Analysis-Bolsonaro coup probe weakens Brazil’s right-wing opposition

By Thomson Reuters Feb 12, 2024 | 8:00 AM

By Anthony Boadle

BRASILIA (Reuters) – Police raids on former President Jair Bolsonaro and his associates for allegedly plotting a coup after the 2022 election has weakened right-wing opposition to President Luiz Inacio Lula da Silva ahead of October’s local elections, analysts say.

Bolsonaro, a far-right firebrand who modeled himself on former U.S. President Donald Trump, surrendered his passport to police on last Thursday and four of his ex-aides have been arrested. Search warrants were served against four of his former ministers, three of them retired army generals.

That, analysts say, has dealt a serious blow to Bolsonaro’s right-wing Liberal Party (PL), the largest opposition party. PL President Valdemar Costa Neto was also arrested on Thursday on an unrelated gun charge and set free provisionally on Saturday.

“The Bolsonaro opposition has been badly hurt by this,” said Andre Cesar, analyst at Hold Assessoria Legislativa, a public policy consultancy. “The PL will lose political muscle and have to rethink plans to triple its mayors in the October elections.”

Brazilian police accused Bolsonaro of editing a decree to overturn the result of the 2022 election that he lost to Lula, pressuring military chiefs to join a coup attempt, and plotting to jail a Supreme Court justice.

PL President Costa Neto has been counting on Bolsonaro’s popularity with core supporters to bolster turnout for his party in October, when voters will elect mayors and councils in 5,568 municipal districts across Brazil.

However, Bolsonaro’s alleged involvement in a coup conspiracy could cool support from moderate center-right Brazilians, who were not fans of Bolsonaro but voted for him to oppose Lula, according polling firm Quaest.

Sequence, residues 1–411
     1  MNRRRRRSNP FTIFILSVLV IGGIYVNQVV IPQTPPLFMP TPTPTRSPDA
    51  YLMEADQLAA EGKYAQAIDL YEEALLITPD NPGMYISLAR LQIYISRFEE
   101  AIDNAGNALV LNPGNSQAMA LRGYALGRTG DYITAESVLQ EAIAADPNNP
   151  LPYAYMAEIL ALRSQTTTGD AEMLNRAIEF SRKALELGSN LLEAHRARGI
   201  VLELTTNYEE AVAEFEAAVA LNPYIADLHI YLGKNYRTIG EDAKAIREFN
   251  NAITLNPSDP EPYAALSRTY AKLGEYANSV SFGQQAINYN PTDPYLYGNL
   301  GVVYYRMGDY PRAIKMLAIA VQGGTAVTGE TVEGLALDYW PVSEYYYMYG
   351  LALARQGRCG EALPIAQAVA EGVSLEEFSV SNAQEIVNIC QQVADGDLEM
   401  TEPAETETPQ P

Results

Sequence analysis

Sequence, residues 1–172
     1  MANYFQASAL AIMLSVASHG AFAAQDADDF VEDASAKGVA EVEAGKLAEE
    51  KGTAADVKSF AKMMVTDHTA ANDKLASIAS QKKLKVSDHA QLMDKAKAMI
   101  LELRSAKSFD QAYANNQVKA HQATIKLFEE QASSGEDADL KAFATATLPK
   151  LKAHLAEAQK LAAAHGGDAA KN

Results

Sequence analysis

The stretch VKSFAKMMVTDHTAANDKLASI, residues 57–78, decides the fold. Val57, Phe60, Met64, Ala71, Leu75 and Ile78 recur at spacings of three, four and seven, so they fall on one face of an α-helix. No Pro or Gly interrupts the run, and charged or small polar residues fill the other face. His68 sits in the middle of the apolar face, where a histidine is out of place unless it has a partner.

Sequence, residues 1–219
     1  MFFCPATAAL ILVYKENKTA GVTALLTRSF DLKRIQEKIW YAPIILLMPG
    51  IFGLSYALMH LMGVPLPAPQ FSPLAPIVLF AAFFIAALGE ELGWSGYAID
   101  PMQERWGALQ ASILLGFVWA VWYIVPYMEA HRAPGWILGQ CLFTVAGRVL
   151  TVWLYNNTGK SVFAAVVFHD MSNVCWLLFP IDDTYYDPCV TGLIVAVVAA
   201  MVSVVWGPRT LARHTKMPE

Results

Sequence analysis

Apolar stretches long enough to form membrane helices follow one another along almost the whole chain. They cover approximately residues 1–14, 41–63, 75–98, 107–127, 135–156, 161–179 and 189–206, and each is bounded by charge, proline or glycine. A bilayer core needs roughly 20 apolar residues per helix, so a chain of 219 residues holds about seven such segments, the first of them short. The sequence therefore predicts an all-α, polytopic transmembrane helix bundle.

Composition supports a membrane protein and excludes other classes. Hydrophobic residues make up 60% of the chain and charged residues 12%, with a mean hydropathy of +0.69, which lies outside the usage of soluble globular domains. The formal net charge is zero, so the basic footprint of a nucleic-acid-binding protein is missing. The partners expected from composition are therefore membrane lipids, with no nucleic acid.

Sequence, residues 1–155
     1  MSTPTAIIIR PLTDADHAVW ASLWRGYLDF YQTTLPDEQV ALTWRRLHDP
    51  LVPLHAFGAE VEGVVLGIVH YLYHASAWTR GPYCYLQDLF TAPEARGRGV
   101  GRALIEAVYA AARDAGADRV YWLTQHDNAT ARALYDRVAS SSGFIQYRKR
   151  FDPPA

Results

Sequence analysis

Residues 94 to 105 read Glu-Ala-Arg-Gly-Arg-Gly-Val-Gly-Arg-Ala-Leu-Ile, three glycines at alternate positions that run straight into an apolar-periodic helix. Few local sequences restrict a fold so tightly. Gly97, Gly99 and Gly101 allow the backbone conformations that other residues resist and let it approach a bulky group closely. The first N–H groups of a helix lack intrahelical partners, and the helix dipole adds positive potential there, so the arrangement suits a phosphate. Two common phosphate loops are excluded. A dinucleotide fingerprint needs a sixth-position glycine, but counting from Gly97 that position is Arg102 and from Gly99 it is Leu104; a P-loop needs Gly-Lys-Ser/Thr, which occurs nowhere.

A social media survey conducted on Friday by Quaest showed 58% of the postings were critical of Bolsonaro, while 42% were favorable, indicating that he still has considerable support despite allegations of planning a coup, though less than the 49.1% who voted for him against 50.9% for Lula in 2022.

“There will be a huge drain on the PL that will benefit the Workers Party,” said a former PL lawmaker who left the party last year and asked to remain anonymous.

The PL did not answer a request for comment. But a PL leader in Congress, Jose Medeiros, said the investigation was political persecution aimed at undermining Bolsonaro and the party to stop a right-wing comeback in the 2026 presidential race.

Even before Thursday’s operation, Lula was already enjoying warming ties with some of Bolsonaro’s former allies.

Sao Paulo Governor Tarcisio de Freitas, who was Bolsonaro’s infrastructure minister and a rising conservative leader, has been politically pragmatic and recently met with Lula for a much publicized handshake.

Minas Gerais Governor Romeu Zema, a fellow rising star on Brazil’s right, on Thursday said he “had learned to work with people who I think differently to,” in reference to Lula and his leftist allies.

The big losers from the fallout of the alleged coup plot will be those closest to Bolsonaro ideologically, while the moderates court centrist voters who decide elections in Brazil, said Lucas de Aragao, at political risk consultancy Arko Advice.

“Moderate right-wingers face criticism for not supporting Bolsonaro enough, but they know they will get the Bolsonarista vote in a polarized left-right election,” he said.

(Reporting by Anthony Boadle and Lisandra Paraguassu in Brasilia; Editing by Sharon Singleton)